Reform of the Clean Development Mechanism: Where Should We Head For?

The Clean Development Mechanism (CDM) has been a great success in promoting mitigation projects in developing countries in the past several years. However, for various reasons, there have also been many calls for reform of the CDM. The international community has agreed that the CDM should continue and could be improved, but has not reached an agreement on the way forward. One of the issues under intensive debate is whether to create new market mechanisms, namely sectoral mechanisms. Regardless of what future agreement on this aspect would be, both lessons from the CDM practice and issues related to the operationalization of the possible new mechanisms should be fully taken into consideration. One possible solution could be developing a flexible system that suits the different situations in different countries and/or sectors.

When the Clean Development Mechanism (CDM) was established under Article 12 of the Kyoto Protocol (the Protocol) in 1997, it was not clear at that time what the CDM market would look like during the first commitment period of the Protocol. Now the picture is much clearer. By the end of September 2010, almost 6 years after the registration of the first-ever CDM project on 18 November 2004, more than 2400 CDM projects have been registered, with expected annual average certified emission reductions (CERs) of more than 383 million and located in 69 countries. In terms of sectors, more than 63 % of the registered projects are related to the energy industries, more than 16 % waste handling and disposal, and about 5 % come from the manufacturing industries. The CDM has been a great success, contributing significantly to promoting sustainable development in developing countries and reducing the cost for developed countries in meeting their mitigation commitment under the Protocol.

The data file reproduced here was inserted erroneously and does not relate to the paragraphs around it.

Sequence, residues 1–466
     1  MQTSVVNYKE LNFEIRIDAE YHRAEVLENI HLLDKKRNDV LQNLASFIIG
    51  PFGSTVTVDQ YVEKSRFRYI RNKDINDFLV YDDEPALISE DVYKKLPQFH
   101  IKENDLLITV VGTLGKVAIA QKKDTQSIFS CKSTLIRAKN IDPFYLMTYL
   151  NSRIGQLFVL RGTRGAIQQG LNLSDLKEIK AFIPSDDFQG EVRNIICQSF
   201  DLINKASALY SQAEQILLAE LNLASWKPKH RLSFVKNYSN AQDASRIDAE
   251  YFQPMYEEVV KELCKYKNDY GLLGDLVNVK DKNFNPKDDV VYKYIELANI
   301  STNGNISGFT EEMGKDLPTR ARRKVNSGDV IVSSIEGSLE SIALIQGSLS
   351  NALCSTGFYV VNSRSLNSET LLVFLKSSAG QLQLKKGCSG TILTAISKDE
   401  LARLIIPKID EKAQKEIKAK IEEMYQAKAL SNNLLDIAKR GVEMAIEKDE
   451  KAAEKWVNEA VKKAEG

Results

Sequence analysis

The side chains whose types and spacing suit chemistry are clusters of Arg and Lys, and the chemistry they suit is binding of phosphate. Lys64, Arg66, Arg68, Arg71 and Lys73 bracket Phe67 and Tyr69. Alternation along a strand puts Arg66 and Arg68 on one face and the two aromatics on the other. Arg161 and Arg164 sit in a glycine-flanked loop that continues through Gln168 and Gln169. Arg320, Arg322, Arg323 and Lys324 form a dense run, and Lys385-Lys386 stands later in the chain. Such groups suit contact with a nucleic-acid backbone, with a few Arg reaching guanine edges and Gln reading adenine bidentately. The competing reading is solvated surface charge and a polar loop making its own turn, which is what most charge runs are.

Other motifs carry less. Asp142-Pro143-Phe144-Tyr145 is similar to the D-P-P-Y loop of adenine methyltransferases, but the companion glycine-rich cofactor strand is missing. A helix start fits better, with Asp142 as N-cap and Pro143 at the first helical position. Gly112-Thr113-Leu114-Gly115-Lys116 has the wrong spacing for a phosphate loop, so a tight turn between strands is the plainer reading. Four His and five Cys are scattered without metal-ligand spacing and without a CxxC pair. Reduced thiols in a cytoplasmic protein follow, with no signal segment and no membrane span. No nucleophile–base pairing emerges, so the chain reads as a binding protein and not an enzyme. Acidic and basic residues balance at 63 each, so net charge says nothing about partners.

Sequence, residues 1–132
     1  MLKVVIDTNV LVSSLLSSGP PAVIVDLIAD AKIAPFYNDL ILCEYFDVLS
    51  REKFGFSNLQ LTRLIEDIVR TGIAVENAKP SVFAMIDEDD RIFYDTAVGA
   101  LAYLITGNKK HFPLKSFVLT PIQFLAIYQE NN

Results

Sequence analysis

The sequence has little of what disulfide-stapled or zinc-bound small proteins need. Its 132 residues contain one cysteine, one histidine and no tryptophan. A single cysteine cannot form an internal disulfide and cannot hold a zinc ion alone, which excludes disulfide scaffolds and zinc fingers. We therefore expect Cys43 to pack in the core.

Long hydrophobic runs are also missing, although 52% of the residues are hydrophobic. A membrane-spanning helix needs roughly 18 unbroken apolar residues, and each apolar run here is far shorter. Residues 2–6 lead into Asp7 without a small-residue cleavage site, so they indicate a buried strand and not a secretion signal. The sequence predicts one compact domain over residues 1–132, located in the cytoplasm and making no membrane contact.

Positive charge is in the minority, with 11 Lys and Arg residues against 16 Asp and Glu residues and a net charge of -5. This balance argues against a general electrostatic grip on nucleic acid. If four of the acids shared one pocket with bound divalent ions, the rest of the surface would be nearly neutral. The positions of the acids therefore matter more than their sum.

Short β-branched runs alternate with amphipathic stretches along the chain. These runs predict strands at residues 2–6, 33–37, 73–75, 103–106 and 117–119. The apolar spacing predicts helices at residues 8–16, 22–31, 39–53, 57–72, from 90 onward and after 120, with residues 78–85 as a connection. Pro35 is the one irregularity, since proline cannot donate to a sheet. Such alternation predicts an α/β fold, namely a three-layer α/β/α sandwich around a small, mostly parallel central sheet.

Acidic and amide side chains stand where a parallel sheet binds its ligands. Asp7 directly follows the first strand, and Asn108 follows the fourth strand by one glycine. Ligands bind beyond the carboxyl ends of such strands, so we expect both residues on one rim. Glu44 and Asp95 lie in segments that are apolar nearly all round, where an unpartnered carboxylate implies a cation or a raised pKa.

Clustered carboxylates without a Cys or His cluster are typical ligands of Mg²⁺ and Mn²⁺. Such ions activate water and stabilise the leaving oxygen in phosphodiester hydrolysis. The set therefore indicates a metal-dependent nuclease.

With greater experience of the workings of the CDM, there has been increasing criticism of the CDM system by various stakeholders, focusing mainly on the following aspects.

Copyright: © Lexxion Verlagsgesellschaft mbH
Quelle: Issue 2/2011 (Juni 2011)
Seiten: 9
Preis inkl. MwSt.: € 41,65
Autor: Maosheng Duan

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